More news in brief - Workshop tomorrow for financing persons with special needs
With Jamaica continuing to improve the conditions for the disabled, Special Needs Jamaica will be hosting a special needs legal and financial planning seminar tomorrow at 5A Hillcrest Avenue.
The workshop will target parents and providers for special-needs children by outlining best practices for taking care of them financially for the rest of their lives.
Several stakeholders from corporate Jamaica will take part in the seminar being coordinated by Deniece Williams.
"One of the indicators of a country's level of progress is how it takes care of the vulnerable. By ratifying the United Nations Convention on the Rights of Children in 1991, we, as Jamaicans, made a pledge to make our society one which is fit for all children to live in, where no child is left behind," said Dr Charmaine Scott, founder of the Jamaica Down's Syndrome Foundation.
Angels of Love take fight to paediatric cancer
Paediatric Cancer Awareness Month will be recognised for the second year in Jamaica this month.
Philip Liu, founder of Angels of Love Jamaica (AOLJ), has indicated that the month falls directly in line with his organisation's plans as he and his colleagues continue to create awareness for childhood cancer in Jamaica as well as the Caribbean.
"Childhood cancer still continues to be a new issue among many Jamaicans, as there is not much education on it, which poses a major problem," Liu told The Gleaner.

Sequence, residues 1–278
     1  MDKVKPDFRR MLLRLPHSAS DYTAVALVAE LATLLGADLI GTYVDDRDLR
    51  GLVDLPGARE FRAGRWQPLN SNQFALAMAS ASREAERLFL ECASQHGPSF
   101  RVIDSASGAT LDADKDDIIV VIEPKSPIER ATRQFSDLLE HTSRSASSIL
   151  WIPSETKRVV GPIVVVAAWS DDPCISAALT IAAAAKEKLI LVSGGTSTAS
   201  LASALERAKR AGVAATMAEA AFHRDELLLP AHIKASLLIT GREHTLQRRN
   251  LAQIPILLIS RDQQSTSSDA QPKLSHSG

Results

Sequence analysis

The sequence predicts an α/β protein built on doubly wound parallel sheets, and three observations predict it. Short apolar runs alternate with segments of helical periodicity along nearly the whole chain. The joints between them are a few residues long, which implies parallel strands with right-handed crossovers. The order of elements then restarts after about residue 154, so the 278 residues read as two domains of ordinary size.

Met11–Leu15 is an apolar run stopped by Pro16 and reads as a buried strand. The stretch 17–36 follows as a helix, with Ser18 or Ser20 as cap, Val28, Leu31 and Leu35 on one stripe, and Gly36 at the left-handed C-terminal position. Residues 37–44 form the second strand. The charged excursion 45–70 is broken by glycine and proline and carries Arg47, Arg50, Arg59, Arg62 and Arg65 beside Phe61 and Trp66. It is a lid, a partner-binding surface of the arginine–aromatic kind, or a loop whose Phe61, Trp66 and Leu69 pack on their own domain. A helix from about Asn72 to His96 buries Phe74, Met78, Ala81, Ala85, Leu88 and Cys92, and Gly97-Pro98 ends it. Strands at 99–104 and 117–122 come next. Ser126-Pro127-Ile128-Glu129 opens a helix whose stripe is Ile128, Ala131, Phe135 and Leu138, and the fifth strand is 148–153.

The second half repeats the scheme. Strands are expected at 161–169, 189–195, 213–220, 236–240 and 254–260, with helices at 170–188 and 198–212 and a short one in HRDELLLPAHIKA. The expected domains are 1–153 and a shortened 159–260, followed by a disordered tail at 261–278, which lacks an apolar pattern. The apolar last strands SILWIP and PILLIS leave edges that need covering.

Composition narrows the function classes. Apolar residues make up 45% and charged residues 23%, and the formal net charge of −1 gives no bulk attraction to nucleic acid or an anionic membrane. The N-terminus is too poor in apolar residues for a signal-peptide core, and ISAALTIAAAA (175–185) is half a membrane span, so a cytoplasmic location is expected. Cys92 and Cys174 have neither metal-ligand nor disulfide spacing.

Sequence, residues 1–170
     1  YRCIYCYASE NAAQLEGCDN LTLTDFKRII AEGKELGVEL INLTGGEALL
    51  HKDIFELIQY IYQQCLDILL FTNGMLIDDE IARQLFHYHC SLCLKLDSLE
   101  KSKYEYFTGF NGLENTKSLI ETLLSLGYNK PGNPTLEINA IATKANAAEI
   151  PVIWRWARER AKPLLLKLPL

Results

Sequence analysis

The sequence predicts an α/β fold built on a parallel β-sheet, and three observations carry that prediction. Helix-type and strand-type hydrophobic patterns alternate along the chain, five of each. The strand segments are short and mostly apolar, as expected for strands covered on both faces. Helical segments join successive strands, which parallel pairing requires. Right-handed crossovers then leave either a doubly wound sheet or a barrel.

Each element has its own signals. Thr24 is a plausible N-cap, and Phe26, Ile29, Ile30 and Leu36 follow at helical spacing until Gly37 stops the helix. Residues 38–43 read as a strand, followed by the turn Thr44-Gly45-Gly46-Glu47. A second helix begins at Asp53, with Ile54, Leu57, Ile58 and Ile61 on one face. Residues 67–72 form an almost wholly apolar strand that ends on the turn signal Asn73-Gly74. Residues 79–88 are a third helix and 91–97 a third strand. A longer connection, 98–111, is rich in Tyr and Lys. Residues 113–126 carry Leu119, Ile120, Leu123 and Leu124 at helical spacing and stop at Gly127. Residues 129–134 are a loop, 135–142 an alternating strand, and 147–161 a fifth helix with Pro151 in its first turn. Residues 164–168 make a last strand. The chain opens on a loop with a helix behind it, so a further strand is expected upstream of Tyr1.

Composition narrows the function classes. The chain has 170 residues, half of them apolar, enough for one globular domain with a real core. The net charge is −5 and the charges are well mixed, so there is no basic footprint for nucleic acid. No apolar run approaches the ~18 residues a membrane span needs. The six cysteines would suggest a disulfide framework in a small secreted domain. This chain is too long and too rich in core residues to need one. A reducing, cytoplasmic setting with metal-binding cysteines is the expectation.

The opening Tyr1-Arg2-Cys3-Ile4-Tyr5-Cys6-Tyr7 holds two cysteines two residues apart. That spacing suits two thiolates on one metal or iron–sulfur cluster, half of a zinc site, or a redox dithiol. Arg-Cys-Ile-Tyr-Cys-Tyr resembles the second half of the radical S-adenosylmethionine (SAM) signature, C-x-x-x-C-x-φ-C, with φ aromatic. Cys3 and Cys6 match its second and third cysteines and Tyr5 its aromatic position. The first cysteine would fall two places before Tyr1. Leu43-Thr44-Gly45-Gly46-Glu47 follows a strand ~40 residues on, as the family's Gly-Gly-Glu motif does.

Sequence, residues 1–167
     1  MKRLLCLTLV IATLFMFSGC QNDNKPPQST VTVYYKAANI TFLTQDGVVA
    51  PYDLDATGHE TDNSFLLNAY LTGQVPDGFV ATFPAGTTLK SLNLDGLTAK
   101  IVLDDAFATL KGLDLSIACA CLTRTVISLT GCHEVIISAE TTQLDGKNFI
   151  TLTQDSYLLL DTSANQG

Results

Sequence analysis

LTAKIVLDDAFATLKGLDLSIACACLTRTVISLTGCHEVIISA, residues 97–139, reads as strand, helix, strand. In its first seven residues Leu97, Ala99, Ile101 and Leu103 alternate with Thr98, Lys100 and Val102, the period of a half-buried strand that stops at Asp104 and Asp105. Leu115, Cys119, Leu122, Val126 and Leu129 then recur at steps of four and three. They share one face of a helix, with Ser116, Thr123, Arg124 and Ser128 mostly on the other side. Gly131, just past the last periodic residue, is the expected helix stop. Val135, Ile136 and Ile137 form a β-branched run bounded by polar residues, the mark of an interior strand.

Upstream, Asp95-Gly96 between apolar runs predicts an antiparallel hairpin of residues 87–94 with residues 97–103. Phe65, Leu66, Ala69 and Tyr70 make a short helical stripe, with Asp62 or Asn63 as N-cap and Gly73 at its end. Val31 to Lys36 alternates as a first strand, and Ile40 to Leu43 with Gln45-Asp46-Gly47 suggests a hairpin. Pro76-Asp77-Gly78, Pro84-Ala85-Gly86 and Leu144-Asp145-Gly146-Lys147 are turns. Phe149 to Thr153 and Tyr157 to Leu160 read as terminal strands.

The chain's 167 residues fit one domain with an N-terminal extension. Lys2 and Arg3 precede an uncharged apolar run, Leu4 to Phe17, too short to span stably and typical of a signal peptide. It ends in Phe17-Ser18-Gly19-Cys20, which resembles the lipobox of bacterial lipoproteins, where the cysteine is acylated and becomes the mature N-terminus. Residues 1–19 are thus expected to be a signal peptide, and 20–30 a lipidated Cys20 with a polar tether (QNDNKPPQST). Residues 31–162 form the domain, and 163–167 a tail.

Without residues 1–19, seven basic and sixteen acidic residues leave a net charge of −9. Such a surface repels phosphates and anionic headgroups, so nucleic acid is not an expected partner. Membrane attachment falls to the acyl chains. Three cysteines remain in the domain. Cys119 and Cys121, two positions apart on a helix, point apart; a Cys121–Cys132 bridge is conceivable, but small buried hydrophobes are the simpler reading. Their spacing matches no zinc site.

Several activities will mark the month, including the launch, through a church service held last Sunday at the Swallowfield Chapel in St Andrew.
The University of the West Indies (UWI) Chapter of AOLJ will also conduct several activities on campus. Its main activity will be a Balloon Release Ceremony to take place on the UWI, Mona campus, on September 25.
To close off the month, AOLJ will stage a fundraising cocktail function at the residence of the Canadian high commissioner.
Governor general could be cut out of pension process
Deputy financial secretary with responsibility for human resource management, Wayne Jones, says there is a need for an overhaul of systems within the public service, arguing that some have outlasted their usefulness.
At present, the application for pensions goes through several stages, including having the governor general sign off on the person's retirement.
By law, public-sector workers are retired at age 60, but the retirement is not in effect until the governor general gives his permission. The Government, by way of a white paper on pension reform, has indicated that the normal retirement age is to be increased from 60 years to 65 years.
Jones said some of the steps involved in producing a person's retirement benefit need to change.
"We think some of them can be eliminated. To take out some of them will require legislative changes. Others are administrative, but we are trying to reduce the number of steps that people have to go through until you get your pension," Jones said.